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How This Energy Bar Perfectly Captures the Spirit of Arizona

The Huppybar AZT Wild Mesquite is the official energy bar of the Arizona Trail. Huppybar’s Lyndsay Hupp pens this guest post for Trailfoody about how this bar reflects Arizona’s beauty, history, and natural resources.

 

Sometimes you can’t choose where you live, it chooses you. In the same way my dog, Dahli, of 16 years, chose me as her owner, I think Arizona chose me as a resident. What started off as a reluctant relationship with the state (not enough water, mountains aren’t big enough), has since blossomed into a life intertwined. Now, 17 years later, I have a budding business, partner, family, friends, my playground, and my sanctuaries in all directions around me. We call our AZ home the “Shire” with endless outdoor recreational opportunities of all varieties in all directions in all months of the year.

The Grand Canyon had something to do with it too…a lot to do with it. Once that Canyon sinks its teeth into your soul, you can forget about ever really leaving it. So I always returned. Down the River—the Colorado River—all spring, summer, and fall for over a decade.

When the Executive Director of the Arizona Trail Association first contacted me about partnering with them to create an Arizona themed bar to celebrate the AZ Trail, Huppybar was barely crawling as a company. I was mostly busy “field testing” my products: on my bike, in my boat, on a hike, or down a canyon formulating the Huppybar vision.

Nonetheless, I was intrigued and honored that he would ask Huppybar to be a part of the endeavor and I was excited to take it on. The AZ Trail through Flagstaff is one of my favorite rides, and being a Long Trail thru-hiker alumni, I am a big fan of long, continuous trails.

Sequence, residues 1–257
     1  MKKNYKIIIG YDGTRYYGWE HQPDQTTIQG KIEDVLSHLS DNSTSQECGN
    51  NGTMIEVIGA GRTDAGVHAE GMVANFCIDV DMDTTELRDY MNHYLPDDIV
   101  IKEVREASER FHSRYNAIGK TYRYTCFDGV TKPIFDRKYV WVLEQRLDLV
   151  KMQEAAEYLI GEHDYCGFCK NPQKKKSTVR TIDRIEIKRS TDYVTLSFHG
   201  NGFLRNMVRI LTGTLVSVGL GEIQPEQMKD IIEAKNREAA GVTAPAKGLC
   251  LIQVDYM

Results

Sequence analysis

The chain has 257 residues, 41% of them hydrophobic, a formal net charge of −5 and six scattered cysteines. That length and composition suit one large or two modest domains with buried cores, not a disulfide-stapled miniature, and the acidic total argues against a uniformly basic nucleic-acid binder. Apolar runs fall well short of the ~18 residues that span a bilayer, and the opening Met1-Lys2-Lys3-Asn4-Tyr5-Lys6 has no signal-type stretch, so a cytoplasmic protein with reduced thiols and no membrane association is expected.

“Once that Canyon sinks its teeth into your soul, you can forget about ever really leaving it.”

Choosing the right ingredients and their sources to represent AZ and the AZ Trail was paramount. I consulted all my savvy friends on native plant options, but it was quickly apparent that mesquite would be the feature.

Mesquite trees are ubiquitous in the desert regions of the Southwest. It is a plant I had become well acquainted with as a river guide in the Grand Canyon: we used them for shade, to tie up our boats, or chew on a pod occasionally while on a hike.

Beyond my personal connection with the tree, mesquite lays its roots deep in the cultural history of the Southwest. For thousands of years, native people have used the ground bean pods to sustain their families. The Tohono O’odham Nation of Southern Arizona are still doing this today. They wild-harvest in the late summer, and take the ground meal to market at the San Xavier Co-op and Farm. We are excited to be sourcing our mesquite from the San Xavier Co-op and to be supporting the traditional farming practices of the Tohono O’odham Nation.

In addition to mesquite, we feature AZ-grown pecans, AZ-harvested honey, and cayenne chiles from the nice folks at Whipstone Farms who booth next to Huppybar every Sunday at the Flagstaff Community Market. If you don’t feel the energy from the nutrition itself, you will feel it from the hard work and love that has been put into these locally sourced ingredients.

When you bite into an AZT Wild Mesquite Huppybar, you’ll notice it’s not as sweet as most bars you’ve tried. We kept it low on the sweet and high on the flavor. Some have likened it to cookie dough and many say it is the best bar they have ever tried. The AZ Trail Association loved it so much, they’re calling it the Official Energy Bar of the Arizona National Scenic Trail and a portion of the proceeds from the bar will go to help protect and maintain this amazing 800 miles of trail from Utah to Mexico!